To check out what everyone has received over the last week, visit the blog and check out the links.  Leave yours too.

Also, each week, Leslie, Vicki, and I will share the Books that Caught Our Eye from everyone’s weekly links.

Here’s what I received:

1.  Making Your Mind Up by Jill Mansell, my Christmas present has finally arrived!

Lottie Carlyle isn’t looking for love when she meets her new boss, Tyler Klein. Living in a beautiful cottage with her two kids in a idyllic village in the heart of the Cotswolds, she’s happy enough with her lot. Tyler’s perfect for Lottie and she quickly falls for him, but her children do not approve.

2.  Citizen: An American Lyric by Claudia Rankine, my second Christmas present has finally arrived!

Claudia Rankine’s bold new book recounts mounting racial aggressions in ongoing encounters in twenty-first-century daily life and in the media. Some of these encounters are slights, seeming slips of the tongue, and some are intentional offensives in the classroom, at the supermarket, at home, on the tennis court with Serena Williams and the soccer field with Zinedine Zidane, online, on TV—everywhere, all the time. The accumulative stresses come to bear on a person’s ability to speak, perform, and stay alive. Our addressability is tied to the state of our belonging, Rankine argues, as are our assumptions and expectations of citizenship. In essay, image, and poetry, Citizen is a powerful testament to the individual and collective effects of racism in our contemporary, often named “post-race” society.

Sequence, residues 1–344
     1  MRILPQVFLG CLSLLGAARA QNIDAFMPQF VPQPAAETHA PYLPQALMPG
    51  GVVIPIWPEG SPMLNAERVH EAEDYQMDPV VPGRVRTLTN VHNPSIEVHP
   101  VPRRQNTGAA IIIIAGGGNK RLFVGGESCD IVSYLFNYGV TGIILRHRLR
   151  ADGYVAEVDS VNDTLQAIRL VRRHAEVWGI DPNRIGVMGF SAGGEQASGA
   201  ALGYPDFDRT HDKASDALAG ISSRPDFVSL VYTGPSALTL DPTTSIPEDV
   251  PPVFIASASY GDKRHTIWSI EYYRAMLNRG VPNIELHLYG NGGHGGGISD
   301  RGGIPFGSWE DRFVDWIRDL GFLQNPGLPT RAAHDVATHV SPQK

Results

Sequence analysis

3.  Earth Joy Writing by Cassie Premo Steele, Ph.D. from Ashland Creek Press for review.

Earth Joy Writing is a writer’s guide to reconnecting to the earth. In chapters divided by seasons and months of the year, this book will guide you through reflections, exercises, meditations, and journaling prompts—all designed to help you connect more deeply with yourself, others, and your natural surroundings.